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Genetic pathways controlling inflorescence architecture and development in wheat and barley
- Gauley, Adam, Boden, Scott A.
- Journal of integrative plant biology 2019 v.61 no.3 pp. 296-309
- agronomic traits, alleles, barley, biosynthesis, crop production, domestication, florets, flowering, genetic variation, human nutrition, mutants, spikelets, staple crops, transcription (genetics), wheat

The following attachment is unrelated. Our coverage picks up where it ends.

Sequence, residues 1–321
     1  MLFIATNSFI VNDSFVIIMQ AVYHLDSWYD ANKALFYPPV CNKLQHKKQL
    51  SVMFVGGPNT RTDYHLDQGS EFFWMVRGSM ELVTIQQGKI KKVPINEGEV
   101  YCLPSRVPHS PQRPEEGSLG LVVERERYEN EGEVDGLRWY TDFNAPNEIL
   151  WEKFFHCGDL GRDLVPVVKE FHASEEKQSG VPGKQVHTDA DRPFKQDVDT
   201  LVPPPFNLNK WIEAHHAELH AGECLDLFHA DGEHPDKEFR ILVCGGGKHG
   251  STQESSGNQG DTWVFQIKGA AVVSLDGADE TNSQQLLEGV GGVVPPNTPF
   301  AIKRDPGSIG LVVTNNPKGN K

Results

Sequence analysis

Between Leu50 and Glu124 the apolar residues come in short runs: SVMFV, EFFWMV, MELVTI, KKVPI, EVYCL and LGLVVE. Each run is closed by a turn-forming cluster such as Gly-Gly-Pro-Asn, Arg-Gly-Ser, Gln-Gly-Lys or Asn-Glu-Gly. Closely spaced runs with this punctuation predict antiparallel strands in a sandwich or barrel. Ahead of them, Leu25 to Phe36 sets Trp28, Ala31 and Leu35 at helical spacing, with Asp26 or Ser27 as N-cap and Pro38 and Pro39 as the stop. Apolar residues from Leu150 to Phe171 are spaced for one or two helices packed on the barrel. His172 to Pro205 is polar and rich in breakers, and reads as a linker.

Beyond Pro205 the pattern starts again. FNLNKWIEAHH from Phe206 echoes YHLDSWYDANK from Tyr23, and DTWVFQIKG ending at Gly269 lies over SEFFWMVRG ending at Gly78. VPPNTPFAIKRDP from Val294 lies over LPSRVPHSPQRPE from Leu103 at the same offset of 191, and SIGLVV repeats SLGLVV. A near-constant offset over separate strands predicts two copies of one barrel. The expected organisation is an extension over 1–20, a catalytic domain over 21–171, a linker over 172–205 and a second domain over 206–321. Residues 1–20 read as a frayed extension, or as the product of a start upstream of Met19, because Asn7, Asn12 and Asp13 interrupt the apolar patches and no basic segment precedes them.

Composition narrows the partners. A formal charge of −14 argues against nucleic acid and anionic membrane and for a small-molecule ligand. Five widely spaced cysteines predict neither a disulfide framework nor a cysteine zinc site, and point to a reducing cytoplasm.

- Modifications of inflorescence architecture have been crucial for the successful domestication of wheat and barley, which are central members of the Triticeae tribe that provide essential grains for the human diet. Investigation of the genes and alleles that underpin domestication‐related traits has provided valuable insights into the molecular regulation of inflorescence development of the Triticeae, and further investigation of modified forms of architecture are proving to be equally fruitful. The identified genes are involved in diverse biological processes, including transcriptional regulation, hormone biosynthesis and metabolism, post‐transcriptional and post‐translational regulation, which alter inflorescence architecture by modifying the development and fertility of lateral organs, called spikelets and florets. Recent advances in sequencing capabilities and the generation of mutant populations are accelerating the identification of genes that influence inflorescence development, which is important given that genetic variation for this trait promises to be a valuable resource for optimizing grain production. This review assesses recent advances in our understanding of the genes controlling inflorescence development in wheat and barley, with the aim of highlighting the importance of improvements in developmental biology for optimizing the agronomic performance of staple crop plants.